Asian and Middle Eastern inspired contemporary music for voice and guitar
Performers: William George, tenor; and Michael Strutt, guitar
Alec Roth – Chinese Gardens (Vikram Seth)
1. The Tarrying Garden
2. The Master-of-Nets Garden
3. The Gentle Waves Pavillion
4. The Humble Administrator’s Garden
Marga Richter – 2 Chinese Songs
5. The Hermit (Li Hai-Ku)
6. Fishing Picture (Ta-Chung-Kuang)
William George – 3 Moon Songs of Li-Po*
7. The Drinker, The Moon & His Shadow
8. The Moon At Jade Pass
9. Quiet Night Thoughts
Keith R. Cole – The Basho Fragments
10. With a bit of madness
11. In the Temple of Suma
12. Fresh Spring
13. Do Not Go Gentle Into That Good Night* (Dylan Thomas)
Iman Habibi – 2 Khayyam Songs*
14. False Morning
15. The River Lip
John Oliver – Unseen Rain (Rumi)
17. The Altar
19. The Mirror
22. The Door
William George, tenor; Michael Strutt, guitar (tracks 1-15); John Oliver, guitar (tracks 16-23)
* music composed for the artists
Singer and Composer William George has performed with musical organizations around the world, including the Metropolitan, Los Angeles, San Francisco, and New York City Operas, and festivals and concerts in Sweden, Finland, England, Germany, China and the Philippines.
An active recitalist and new-music performer, Will is co-founder and Artistic Director for Vancouver’s Erato Ensemble. His recordings include “Dew-drops on a Lotus Leaf” by Marga Richter, “Viola Jokes” with acclaimed violist Melia Watras, and “Geometrics” by L. Warde.
As a composer, William’s compositions have been performed in Canada, the United States and Europe. He is the recipient of several ASCAPlus Awards, and is an Associate Composer of the Canadian Music Centre. Will also serves as lead singer-songwriter for the roots-rock band Horse Opera.
Michael Strutt has performed in all major Canadian cities and in England, Spain, the United States and Poland. He studied the guitar with Julian Bream in England and Jose Tomas in Spain. In 1968 he was first prizewinner in the Granada Television competition New Faces. After moving to Canada in 1969, Michael became a faculty member of McGill and Concordia Universities in Montreal, and the University of Ottawa. He later taught for 27 years at the University of British Columbia, and was Head of the String Division at Douglas College.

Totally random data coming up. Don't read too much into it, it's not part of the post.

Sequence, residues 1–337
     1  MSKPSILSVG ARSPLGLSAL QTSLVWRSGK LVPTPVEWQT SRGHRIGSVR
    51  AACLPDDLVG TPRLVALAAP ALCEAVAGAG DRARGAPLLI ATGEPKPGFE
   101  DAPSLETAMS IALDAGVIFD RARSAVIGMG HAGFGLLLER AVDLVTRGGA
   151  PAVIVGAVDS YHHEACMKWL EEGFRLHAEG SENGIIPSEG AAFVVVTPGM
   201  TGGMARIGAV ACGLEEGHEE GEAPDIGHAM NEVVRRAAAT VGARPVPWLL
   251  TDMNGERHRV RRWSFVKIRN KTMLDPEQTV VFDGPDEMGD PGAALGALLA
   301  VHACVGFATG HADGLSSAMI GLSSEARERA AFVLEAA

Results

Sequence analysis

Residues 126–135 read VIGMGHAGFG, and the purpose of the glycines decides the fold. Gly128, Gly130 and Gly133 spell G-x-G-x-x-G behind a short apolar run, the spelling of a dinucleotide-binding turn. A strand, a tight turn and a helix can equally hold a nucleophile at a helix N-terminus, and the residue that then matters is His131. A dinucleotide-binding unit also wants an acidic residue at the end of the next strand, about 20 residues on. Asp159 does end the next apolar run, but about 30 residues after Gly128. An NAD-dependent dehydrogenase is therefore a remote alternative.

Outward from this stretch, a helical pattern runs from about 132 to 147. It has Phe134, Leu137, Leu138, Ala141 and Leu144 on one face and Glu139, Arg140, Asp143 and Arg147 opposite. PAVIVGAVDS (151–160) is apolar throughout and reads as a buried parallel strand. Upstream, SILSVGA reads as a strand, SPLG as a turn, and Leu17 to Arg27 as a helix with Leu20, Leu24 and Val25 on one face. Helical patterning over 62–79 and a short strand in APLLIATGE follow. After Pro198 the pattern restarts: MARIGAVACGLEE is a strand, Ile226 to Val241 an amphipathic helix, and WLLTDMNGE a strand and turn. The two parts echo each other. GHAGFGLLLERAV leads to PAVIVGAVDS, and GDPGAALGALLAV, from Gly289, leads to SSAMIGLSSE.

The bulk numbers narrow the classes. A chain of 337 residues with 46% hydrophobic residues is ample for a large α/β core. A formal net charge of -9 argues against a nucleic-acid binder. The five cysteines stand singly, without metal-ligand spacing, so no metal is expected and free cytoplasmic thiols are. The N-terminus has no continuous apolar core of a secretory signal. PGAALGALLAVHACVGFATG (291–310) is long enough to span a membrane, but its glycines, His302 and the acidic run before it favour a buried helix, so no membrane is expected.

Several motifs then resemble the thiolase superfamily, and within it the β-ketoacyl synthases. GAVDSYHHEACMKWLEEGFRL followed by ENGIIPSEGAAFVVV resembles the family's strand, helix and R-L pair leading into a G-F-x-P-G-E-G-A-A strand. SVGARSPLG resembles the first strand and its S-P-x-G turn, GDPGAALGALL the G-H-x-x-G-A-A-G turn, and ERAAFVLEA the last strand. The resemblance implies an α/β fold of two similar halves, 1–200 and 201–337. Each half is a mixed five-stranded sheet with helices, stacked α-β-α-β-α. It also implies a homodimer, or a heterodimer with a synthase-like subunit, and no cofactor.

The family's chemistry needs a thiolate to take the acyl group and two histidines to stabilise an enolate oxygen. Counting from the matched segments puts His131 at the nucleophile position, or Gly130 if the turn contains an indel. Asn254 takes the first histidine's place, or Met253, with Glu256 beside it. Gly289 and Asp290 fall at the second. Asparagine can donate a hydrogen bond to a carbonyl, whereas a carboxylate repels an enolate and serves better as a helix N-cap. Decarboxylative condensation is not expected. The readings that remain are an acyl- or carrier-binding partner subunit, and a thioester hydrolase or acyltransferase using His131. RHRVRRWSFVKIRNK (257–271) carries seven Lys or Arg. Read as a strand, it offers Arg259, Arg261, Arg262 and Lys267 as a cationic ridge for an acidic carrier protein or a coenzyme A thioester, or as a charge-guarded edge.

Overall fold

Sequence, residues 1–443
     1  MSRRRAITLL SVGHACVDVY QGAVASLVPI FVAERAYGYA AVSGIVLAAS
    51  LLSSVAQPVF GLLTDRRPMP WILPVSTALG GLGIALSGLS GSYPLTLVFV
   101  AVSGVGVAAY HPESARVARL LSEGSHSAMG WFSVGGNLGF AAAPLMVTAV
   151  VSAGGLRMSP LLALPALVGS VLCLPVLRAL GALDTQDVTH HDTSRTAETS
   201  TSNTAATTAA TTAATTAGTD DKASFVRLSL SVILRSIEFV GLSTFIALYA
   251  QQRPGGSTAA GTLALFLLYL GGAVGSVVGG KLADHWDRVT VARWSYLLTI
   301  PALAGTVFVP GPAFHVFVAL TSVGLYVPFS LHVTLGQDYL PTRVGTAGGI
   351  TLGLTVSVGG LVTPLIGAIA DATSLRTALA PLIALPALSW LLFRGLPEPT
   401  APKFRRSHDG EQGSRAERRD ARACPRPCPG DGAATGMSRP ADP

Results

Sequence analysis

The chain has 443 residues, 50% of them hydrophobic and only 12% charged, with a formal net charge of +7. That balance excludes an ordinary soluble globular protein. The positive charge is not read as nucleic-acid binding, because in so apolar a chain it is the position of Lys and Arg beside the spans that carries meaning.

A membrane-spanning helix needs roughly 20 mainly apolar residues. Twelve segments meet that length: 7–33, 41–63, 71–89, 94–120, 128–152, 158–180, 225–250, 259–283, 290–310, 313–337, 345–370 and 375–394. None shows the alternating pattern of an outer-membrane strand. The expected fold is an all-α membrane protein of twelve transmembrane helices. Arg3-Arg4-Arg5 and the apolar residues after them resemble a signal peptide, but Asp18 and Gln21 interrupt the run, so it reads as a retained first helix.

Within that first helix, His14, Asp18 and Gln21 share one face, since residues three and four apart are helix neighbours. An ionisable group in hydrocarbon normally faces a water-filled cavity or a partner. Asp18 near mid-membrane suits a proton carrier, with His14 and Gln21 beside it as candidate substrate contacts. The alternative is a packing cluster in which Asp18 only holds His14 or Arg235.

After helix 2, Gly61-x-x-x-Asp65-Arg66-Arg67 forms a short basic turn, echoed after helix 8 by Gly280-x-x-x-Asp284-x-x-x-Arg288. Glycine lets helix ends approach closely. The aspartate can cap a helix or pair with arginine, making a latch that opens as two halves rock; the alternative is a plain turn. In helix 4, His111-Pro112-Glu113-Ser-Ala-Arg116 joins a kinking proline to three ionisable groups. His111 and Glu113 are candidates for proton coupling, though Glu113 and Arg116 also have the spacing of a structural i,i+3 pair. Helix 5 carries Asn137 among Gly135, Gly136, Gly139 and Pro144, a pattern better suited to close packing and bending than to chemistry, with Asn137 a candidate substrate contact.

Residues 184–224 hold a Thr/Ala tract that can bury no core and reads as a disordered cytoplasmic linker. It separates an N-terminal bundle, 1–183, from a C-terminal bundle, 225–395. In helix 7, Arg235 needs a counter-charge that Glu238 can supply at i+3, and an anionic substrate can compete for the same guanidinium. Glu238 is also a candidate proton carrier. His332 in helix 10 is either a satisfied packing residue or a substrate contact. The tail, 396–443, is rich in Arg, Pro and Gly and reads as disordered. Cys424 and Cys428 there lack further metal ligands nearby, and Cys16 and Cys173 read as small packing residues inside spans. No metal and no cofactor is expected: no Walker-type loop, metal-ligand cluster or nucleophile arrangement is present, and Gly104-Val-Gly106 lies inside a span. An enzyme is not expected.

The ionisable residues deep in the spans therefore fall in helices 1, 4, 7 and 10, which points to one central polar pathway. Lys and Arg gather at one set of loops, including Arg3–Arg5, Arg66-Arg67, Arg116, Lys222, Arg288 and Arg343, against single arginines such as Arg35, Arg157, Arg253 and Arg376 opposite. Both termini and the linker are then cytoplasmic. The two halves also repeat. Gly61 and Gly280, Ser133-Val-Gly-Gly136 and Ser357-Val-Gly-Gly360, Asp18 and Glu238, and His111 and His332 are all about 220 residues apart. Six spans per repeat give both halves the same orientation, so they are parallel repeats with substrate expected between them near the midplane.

Michael’s recordings range from numerous CBC broadcasts, his album “Komachi,” seven CD’s including “Stroll in the Cool” which was nominated for a 2007 Western Canadian Music Award. He has a special interest in the contemporary repertoire and has premiered more than 25 Canadian Guitar works, many written specially for him. After 50 years of professional musical life, Michael retired in 2015. He now lives in Perth in Western Australia.
“Chinese Gardens” is a setting of poems by Vikram Seth which were inspired by visits to four of the famous Ming Dynasty gardens in the Chinese city of Suzhou. Unlike Vikram, I have never been to mainland China, but during a visit to Vancouver in 1991 I was introduced to that city’s remarkable Chinese garden, constructed by a team of over 50 artisans from China in authentic style, taking four of the original Suzhou gardens as models. By an astonishing coincidence, the four gardens chosen were exactly the same four that appear in the poems. I immediately fell in love with this magical place and spent several hours there sketching musical ideas. It was some years before I got around to completing the songs, but the memory of that afternoon remained fresh and inspiring, thus explaining my dedication of this work “to the Dr. Sun Yat Sen Classical Garden, Vancouver.”
The first song, The Tarrying Garden, introduces us to some of the main features of a classical Chinese garden: the covered walks, courtyards, rocks and pools, the poetic inscriptions on whitewashed walls and the characteristic zig-zag paths offering no long vistas, but constantly changing views and impressions. We are also instructed in how to enjoy our visit to the garden: “Meander, tarry, amble, pause, admire.” The second song is a nocturne evoking the atmosphere of the exquisite Master-of-Nets Garden on a moonlit night. The third song records the somewhat whimsical observations of a visitor to the Garden of the Gentle Waves Pavilion. The final song remembers Mr Wang, the self-styled Humble Administrator, who (somewhat mysteriously, considering his official income) managed to create one of Suzhou’s most famous treasures.
~ Alec Roth
*Note: William George and Michael Strutt presented the Canadian premiere of this cycle at the Dr. Sun Yat Sen Classical Garden in Vancouver.
2 Chinese Songs
Originally composed by Marga Richter in 1952 for voice and piano, the spare texture of the accompaniment is perfectly suited to guitar. Transcribed by Michael Strutt. Translations by Amy Lowell. The original version can be found on the CD Dew-drops on a Lotus Leaf by William George and Andrea Lodge (Redshift TK435)